Chinese University Offers Course to Excel in Civil Service Exam
A university’s decision to set up a course for students to excel in China’s highly competitive civil service exam has stirred up discussions over whether such academic programs are fueling the craze for public sector jobs in the wake of the youth unemployment crisis.
In an announcement Friday, the Southwest University in the southwestern municipality of Chongqing said it was offering a one-year “micro-major” for undergraduate students that include subjects such as history, philosophy, psychology, and communication. The school said the program was “built in alignment with the core knowledge needed in selecting civil servants and other administrative personnel specializing in public affairs.”
With unemployment at its highest and a wider economic downturn due to the pandemic, positions in the public sector — known as bianzhi in Chinese — which come with cushy benefits and job security have become more appealing to young jobseekers. Official data showed that a record 1.5 million people sat for this year’s national civil service exam despite there only being 37,000 vacancies.
“The trend has been totally reversed within the past decades, as people used to opt for a job at an enterprise, thinking they can earn big bucks when the economy is good overall,” a 26-year-old aspiring teacher, surnamed Li, who has taken the national exam, told Sixth Tone.
The surging appetite for public sector jobs has given rise to a booming private tutoring service, which has expanded from 8.6 billion yuan in 2016 to 26.6 billion yuan in 2021, industry data showed.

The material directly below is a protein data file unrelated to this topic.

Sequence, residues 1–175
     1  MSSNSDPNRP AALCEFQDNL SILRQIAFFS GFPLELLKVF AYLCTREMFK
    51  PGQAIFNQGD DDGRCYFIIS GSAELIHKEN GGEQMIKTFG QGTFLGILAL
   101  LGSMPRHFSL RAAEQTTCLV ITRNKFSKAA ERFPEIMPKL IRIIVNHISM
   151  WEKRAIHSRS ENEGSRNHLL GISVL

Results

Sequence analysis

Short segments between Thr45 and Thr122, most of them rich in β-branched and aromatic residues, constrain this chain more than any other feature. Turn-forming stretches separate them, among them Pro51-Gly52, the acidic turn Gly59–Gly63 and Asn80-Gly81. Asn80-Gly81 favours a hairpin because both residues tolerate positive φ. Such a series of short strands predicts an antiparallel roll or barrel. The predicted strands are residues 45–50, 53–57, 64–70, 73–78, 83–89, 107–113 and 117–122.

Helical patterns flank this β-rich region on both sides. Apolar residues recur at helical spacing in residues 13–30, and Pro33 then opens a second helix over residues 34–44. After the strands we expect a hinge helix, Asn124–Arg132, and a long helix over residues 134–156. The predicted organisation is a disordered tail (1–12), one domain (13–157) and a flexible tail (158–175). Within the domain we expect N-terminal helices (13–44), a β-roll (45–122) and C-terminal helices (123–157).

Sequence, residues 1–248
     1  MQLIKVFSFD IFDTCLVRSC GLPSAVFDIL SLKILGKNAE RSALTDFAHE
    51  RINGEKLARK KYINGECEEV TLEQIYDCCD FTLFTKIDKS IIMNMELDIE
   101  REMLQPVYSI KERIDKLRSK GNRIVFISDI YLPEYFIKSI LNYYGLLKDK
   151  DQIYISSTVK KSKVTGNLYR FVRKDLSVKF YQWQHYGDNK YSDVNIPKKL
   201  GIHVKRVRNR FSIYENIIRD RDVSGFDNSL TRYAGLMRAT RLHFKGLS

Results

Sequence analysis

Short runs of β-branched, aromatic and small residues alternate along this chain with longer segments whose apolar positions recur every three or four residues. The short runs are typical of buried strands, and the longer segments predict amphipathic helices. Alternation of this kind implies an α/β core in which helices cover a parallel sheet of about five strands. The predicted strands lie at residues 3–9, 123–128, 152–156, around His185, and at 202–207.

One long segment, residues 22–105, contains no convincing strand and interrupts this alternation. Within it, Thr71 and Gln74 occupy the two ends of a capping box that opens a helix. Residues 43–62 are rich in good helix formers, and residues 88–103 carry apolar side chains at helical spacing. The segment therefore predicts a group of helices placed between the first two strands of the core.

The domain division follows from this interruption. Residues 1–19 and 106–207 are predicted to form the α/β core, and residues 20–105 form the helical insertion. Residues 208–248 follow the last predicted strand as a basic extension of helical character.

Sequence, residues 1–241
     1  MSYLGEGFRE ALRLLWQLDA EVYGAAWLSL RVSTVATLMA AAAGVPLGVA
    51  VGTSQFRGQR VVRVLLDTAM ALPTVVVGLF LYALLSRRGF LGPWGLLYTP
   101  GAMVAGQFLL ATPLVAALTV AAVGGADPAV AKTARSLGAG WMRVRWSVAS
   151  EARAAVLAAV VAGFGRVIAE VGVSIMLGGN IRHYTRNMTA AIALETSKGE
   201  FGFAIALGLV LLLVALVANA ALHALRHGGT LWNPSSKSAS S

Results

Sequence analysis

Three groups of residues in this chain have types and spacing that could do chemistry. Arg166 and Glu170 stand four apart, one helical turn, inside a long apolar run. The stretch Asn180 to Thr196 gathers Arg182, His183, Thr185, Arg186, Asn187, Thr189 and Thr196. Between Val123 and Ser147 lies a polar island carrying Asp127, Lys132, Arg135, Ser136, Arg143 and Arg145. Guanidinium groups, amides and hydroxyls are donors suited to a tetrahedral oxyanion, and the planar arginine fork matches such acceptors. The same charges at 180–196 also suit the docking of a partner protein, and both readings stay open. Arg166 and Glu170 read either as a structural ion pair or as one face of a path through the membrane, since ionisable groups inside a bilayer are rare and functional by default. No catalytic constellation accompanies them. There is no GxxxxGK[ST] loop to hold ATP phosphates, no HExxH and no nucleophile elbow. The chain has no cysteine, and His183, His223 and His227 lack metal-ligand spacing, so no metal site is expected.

Now, schools like Southwest University are making efforts to give potential examinees a competitive advantage in their preparation for the civil service exam. The university’s 24-credit program costs 80 yuan per credit ($12) and is a non-degree program, which means the students only receive a certificate for finishing the course.
“The program comes solely as a response to the students’ needs and doesn’t point in a particular direction,” Wang Tianding, a public affairs commentator, wrote in a media commentary Sunday, also adding that the program should place more of an emphasis on learning rather than just passing the exam.
Southwest University’s new program also garnered discussion on social media, with a related hashtag topping the trending list on microblogging platform Weibo on Saturday. While some users raised doubts over the program’s employment-oriented philosophy, others criticized the excessive worship of public sector jobs.
“Nowadays, being a civil servant gives you a kind of social benefit and that’s why it has increased in popularity,” a Weibo user wrote.
But others have praised the university for offering an affordable tuition compared with private tutoring agencies and a chance to learn as well. A survey showed the average cost for a prep course at a private center cost more than 6,600 yuan.
Li, who opted for the public sector after the crackdown on the private tutoring industry but failed, however, said she didn’t support the new course.
“The craze only proves how fierce the competition is, and it doesn’t prove that it’s a good option,” Li said. “But hopefully more regulations will come in for improving the job environment.”
Editor: Bibek Bhandari.
(Header image: Students wait to take the civil service exam at a test center in Tai’an, Shandong province, Feb. 25, 2023. VCG)